How many times have you heard gun owners utter the sentiment:”The sights on my new gun are off! I need new sights”? I think we all know someone, or maybe we said it ourselves at some point in time.
The reality however is that the big names in the gun industry pride themselves on delivering quality products and they spend plenty a dollar on research, production and quality control.
So why do some shooters have a hard time hitting the mark? Is it the sights or does the problem lay somewhere else completely?
Having a good gun will help with hitting that target, however the gun is only a tool in the hands of its operator. And a tool is only as good as its handler. Technique is often as important, if even not more so, than the gun. A proper grip, trigger control and breathing control will ensure you hit your mark with almost any gun.
If you’re off your mark consistently in one quadrant of the target, try using a different gun and compare your results. If they are similar, the reason most likely is in your technique and not caused by a faulty sight on your gun.
The following chart may help you understand why your aim is consistently off. This diagram works for right handed shooters and should be reversed if you’re left handed.
Too much or too little trigger finger will place your shots too far to the right or left. Anticipating recoil will make you dip or rise your muzzle right before the trigger breaks. Let each shot surprise you. Your stance will provide a balanced and steady platform combined with proper wrist, elbow and shoulder position.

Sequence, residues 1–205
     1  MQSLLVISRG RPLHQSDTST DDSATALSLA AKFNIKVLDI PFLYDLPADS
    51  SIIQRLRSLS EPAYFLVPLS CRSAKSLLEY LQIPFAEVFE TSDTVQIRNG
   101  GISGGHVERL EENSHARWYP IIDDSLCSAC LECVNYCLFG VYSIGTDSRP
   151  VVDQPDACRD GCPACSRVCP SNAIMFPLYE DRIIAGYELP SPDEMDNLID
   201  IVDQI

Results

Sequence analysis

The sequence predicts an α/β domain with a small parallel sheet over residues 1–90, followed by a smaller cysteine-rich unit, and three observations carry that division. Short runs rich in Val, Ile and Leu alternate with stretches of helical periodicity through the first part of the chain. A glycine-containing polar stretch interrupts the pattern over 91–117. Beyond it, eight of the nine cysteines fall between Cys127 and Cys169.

So why do retailers sell aftermarket sights? They do have their purpose. Fibre optic sights amplify light and help with fast target acquisition. Night sights glow in the dark and improve your aim under poor lighting conditions and against dark backgrounds. Some target shooters like to install a red dot sight on their handgun for bullseye competition shooting. There are different sights for different applications. However, these are more to improve the results of experienced shooters and will not correct poor technique. For novice shooters, they might even enable developing flawed techniques.
So if you find yourself doubting your technique, don’t be afraid to ask more experienced shooters for advice. The shooting community is a close one and people will gladly share advice and will be more than willing to help you where they can. Ask them to observe and coach you at the range while you practice and try out the different pointers that they will provide. Results will take time and lots of rounds down range. And practice, practice, practice until it becomes second nature.
So to conclude, replacing your factory sights can be justified if they serve a purpose. But they will not correct a lack of skill, practice or technique.